“Various well-being surveys indicate that happier societies invest heavily in health, welfare and education, are more equal and live within the limits imposed by the environment. Many less wealthy countries (and wealthy) do well in such surveys because cultural priority is placed on family and friends, on social capital rather than financial capital, on social equity rather than corporate power. It’s no coincidence that people in places like Britain and the US appear to be less happy than they were 40 years ago.”
The Subversion of Life, Liberty and Happiness
By Colin Todhunter
May 26, 2015
For thousands of years, people have been writing about happiness. The ancient Greek philosopher Aristippus concluded that happiness lies in the pursuit of external pleasure. Others, from Antisthenes to Buddha, have stressed that looking inwards and leading an ascetic life based on virtue, simplicity and inner peace is the route to happiness. And then there are those like Schopenhauer who seem to think that we can only be occasionally happy in what is essentially a miserable world: life only oscillates like a pendulum, back and forth between pain and boredom.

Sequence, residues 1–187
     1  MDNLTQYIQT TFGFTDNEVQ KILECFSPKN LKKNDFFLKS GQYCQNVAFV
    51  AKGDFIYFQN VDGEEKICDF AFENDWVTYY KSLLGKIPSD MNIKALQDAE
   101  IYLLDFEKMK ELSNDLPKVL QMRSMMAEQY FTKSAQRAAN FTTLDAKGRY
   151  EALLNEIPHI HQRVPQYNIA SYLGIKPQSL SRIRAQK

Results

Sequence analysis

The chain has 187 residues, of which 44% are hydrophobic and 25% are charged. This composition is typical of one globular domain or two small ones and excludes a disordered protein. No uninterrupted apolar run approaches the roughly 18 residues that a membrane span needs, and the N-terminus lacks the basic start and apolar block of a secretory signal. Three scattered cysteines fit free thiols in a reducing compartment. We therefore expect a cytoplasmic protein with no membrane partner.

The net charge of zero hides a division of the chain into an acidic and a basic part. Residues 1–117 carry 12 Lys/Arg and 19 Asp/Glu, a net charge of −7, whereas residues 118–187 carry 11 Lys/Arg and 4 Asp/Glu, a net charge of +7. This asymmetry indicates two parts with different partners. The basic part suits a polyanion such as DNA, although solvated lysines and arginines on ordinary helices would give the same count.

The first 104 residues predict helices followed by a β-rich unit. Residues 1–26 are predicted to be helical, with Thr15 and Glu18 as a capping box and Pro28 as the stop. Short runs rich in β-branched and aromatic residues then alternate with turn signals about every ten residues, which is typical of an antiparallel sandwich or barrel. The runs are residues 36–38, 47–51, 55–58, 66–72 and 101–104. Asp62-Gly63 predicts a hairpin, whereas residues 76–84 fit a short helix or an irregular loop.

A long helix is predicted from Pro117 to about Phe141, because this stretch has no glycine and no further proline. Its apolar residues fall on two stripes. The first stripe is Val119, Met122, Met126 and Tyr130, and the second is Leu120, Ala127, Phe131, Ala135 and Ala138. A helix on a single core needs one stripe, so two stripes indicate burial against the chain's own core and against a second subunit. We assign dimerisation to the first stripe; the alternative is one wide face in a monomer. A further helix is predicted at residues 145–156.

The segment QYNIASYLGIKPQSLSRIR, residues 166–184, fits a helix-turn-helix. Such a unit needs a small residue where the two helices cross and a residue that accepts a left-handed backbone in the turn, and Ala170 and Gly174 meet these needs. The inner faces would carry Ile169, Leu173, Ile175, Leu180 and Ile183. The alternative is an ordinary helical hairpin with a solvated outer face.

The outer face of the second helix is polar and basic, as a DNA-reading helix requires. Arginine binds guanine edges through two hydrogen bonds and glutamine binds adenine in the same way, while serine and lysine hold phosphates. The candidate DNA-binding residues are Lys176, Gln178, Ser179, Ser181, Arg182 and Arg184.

Happiness is, according to the Merriam-Webster dictionary, “a state of well-being and contentment: a pleasurable or satisfying experience.”
For some, happiness runs much deeper than merely being content. Aristotle held that being virtuous was only one aspect of happiness. In the absence of say wealth and…
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